suffering and whose cessation leads to liberation.
The two extremes in the explanation preferred by the Buddha are
contact and the arising of contact. Contact arises dependent on the six
senses. Contact ceases when sensations (vedana) cease, and sensations are
the basis for the arising of craving, which is identified here as the very
thing that binds us to continued suffering.
The other explanations are very close to this one. Dependent
origination takes place in the past, present, and future, but it is only
in the present that we can do something about cutting through the bonds
that tie us to continued suffering. Reacting to pleasant and painful
sensations gives rise to desire and hatred. Sensations which are neither
pleasant nor painful are associated with ignorance. All three types of
these sensations are impermanent, so we should not cling to any of
them. They arise through contact, and when contact ceases, they cease
as well. The entity of mind and body (nama-rupa) arises because of
consciousness. Once this is correctly understood, there will be no more
attachment to these. The combination of the various aggregates which is
wrongly considered to be a lasting self (sakkaya) must also be correctly
understood as arising and vanishing.
Sayagyi U Ba Khin selected the method which is most appropriate for
laypeople in developing insight. Contact between the senses and stimuli
result in sensations. If these sensations are observed to be continually
arising and ceasing, as being impermanent (anicca), it is possible to stop
desire from arising. Experiencing the arising and ceasing that is taking
place within our own minds and bodies will lead to true knowledge. The
physical sensations in the body are the only ones arising that are
immediately experienced as pleasant, painful, or neutral. Therefore, they
enable us to develop equanimity by letting go attachment to the pleasant
sensations, aversion to the painful sensations, and we can overcome our
lack of understanding by seeing the impermanence of the neutral
As the student of Buddhist meditation makes progress in the control
of the mind and understanding of impermanence, the moderate approach will
have to be fine-tuned. At first, it may be necessary to struggle just to
follow the moral precepts and practise meditation regularly. The
temptation at times to make an exhausting forced effort will have to be
resisted. With time, the student will develop good habits and become
established in the practice.
Once established, times will come when boredom sets in, or
complacency. Then it will be necessary to summon up more effort. Finer and
finer distinctions will need to be made in keeping the attention properly
balanced as it carries on with the essential task of observing what is
happening in the body and mind.
It is important to always remember that the goal is the end of all
suffering. This is what is meant when the Buddha says in his answer to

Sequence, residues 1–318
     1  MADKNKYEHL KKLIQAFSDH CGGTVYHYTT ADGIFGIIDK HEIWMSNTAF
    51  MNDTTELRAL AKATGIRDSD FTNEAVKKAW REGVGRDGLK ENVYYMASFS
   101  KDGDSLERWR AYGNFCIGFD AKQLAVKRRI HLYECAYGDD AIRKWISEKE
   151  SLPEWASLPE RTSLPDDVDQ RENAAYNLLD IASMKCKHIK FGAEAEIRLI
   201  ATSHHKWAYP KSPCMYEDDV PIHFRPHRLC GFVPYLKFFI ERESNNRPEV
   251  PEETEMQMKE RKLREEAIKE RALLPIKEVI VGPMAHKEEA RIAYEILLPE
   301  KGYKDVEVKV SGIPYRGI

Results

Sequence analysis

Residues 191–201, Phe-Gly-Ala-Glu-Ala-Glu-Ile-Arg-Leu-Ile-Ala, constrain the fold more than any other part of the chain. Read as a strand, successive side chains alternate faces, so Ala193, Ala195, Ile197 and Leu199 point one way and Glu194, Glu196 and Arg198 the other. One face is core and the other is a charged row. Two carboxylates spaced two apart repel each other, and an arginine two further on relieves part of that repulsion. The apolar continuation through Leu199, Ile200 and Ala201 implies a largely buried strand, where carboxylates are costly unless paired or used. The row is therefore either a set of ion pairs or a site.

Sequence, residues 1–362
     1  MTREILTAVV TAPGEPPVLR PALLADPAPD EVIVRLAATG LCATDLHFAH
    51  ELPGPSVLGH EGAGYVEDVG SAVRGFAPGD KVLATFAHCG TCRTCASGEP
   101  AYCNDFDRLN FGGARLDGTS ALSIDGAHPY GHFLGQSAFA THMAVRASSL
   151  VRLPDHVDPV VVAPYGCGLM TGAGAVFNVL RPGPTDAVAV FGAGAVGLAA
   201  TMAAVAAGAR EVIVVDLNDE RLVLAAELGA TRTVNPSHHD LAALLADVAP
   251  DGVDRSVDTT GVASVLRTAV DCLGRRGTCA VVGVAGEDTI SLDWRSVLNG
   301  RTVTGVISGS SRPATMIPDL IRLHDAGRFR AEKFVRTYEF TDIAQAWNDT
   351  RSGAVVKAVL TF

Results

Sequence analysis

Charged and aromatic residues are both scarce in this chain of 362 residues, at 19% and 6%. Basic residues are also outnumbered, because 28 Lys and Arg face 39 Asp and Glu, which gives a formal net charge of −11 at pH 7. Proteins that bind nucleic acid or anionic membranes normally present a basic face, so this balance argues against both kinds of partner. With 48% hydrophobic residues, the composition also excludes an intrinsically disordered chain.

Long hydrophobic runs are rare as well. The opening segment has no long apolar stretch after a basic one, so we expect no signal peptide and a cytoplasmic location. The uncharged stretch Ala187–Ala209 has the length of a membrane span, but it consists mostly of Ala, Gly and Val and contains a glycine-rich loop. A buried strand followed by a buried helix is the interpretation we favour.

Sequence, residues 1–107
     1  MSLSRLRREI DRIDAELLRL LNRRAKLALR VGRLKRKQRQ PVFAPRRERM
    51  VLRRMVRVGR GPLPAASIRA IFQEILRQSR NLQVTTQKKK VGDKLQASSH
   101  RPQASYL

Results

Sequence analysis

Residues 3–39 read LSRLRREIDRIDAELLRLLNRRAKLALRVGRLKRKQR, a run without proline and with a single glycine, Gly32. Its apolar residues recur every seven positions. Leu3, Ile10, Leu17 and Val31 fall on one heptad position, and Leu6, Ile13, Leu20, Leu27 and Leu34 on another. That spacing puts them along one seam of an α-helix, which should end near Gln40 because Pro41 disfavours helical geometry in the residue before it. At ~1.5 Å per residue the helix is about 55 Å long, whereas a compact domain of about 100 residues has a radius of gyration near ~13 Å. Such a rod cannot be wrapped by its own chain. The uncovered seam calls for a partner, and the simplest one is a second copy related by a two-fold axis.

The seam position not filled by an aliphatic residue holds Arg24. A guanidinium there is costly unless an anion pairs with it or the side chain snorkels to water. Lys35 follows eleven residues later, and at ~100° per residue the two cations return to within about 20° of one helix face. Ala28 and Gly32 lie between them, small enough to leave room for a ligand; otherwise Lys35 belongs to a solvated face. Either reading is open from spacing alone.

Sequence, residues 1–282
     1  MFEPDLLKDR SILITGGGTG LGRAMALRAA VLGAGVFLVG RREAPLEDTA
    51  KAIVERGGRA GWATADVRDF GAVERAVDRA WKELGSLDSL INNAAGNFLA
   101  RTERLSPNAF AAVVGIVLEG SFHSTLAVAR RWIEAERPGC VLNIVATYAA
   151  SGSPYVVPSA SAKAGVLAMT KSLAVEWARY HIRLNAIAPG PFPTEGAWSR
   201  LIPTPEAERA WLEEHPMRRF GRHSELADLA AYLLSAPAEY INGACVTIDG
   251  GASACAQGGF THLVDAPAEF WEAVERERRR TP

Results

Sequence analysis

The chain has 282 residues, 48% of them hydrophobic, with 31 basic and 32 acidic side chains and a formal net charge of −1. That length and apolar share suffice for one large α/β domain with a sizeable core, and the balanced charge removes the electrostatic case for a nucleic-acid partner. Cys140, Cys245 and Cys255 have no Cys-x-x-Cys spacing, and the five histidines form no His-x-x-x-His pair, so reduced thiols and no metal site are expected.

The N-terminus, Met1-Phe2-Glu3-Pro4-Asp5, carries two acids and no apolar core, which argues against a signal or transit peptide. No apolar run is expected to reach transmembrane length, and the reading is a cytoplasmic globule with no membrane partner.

Tissa Metteyya that the liberated person does not cling to the middle.
Practising meditation is the way to make progress on the path leading to
Nibbana. Once the goal is reached, the path is no longer clung to. This
does not mean that we should underestimate the importance of the path, but
we should be careful not to be attached to past experiences. When the
breathing becomes more subtle or when sensations become very subtle, we
must not be disappointed. We should rather continue our observation in
order to come to the cessation of all these results of past volitional
Sayagyi U Chit Tin
 The translation is based on K.R. Norman's GD II vv. 1041-1042.
 BD IV 15-19, KS V 356-360.
 MLS I 103-108.
 KS IV 234-244.
 DB I 224.
 GS V 132.
 MLS I 108.
 MLS I 150.
 Adapted from a Latin poem by Horace (Odes II x 5): //aurea
 //Webster's New International Dictionary of the English Language//
 These qualities are those of the Dhamma. One quality, "not subject to
decay" (nijjara) is not included in other passages (see, for example, MLS
I 47), and another, "it is well taught by the Blessed One," is not
 A synonym of //lobha//.
 Desire is eliminated by the person who is filled with passion
(ratta), hatred by the evil person (duttha), and delusion by the
bewildered person (muha).
 KS II 12f., 17-19, 44, 52f., 53; III 113f.
 Sn v. 1040; this translation is based on K.R. Norman's in GD.
 GS III 284-286.
 MLS I 366.
 MLS II 179
 KS II 67.
Worldwide Contact Addresses
in the Tradition of Sayagyi U Ba Khin
*AUSTRIA*: International Meditation Centre, A-9064 St. Michael/Gurk 6,
Austria;Tel: +43 4224 2820, Fax: +43 4224 28204
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*GERMANY*: Sayagyi U Ba Khin Gesellschaft, Christaweg 16, 79114 Freiburg,
Germany, Tel: +49 761 465 42, Fax: +49 761 465 92
*JAPAN*: Sayagyi U Ba Khin Memorial Trust, Komatsuri-Cho 923,
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*THE NETHERLANDS*: Sayagyi U Ba Khin Stichting, Oudegracht 124, 3511 AW
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Tel: +31 30 311 445, Fax: +31 30 340 612
*SINGAPORE*: Sayagyi U Ba Khin Memorial Association, 9 Penang Road #07-12,
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Published by the Sayagyi U Ba Khin Memorial Trust, United Kingdom
Address as above, registered charity no. 280134
TITLE OF WORK: The Middle Practice
AUTHOR: Sayagyi U Chit Tin
AUTHOR'S ADDRESS: n/a
PUBLISHER'S ADDRESS: International Meditation Centre, Splatts House,
Heddington, Calne, Wiltshire SN11 OPE, England
COPYRIGHT HOLDER: The Sayagyi U Ba Khin Memorial Trust, U.K.
DATE OF PUBLICATION:
RIGHTS & RESTRICTIONS: See paragraph below.
DATE OF DHARMANET DISTRIBUTION: 17 February 1995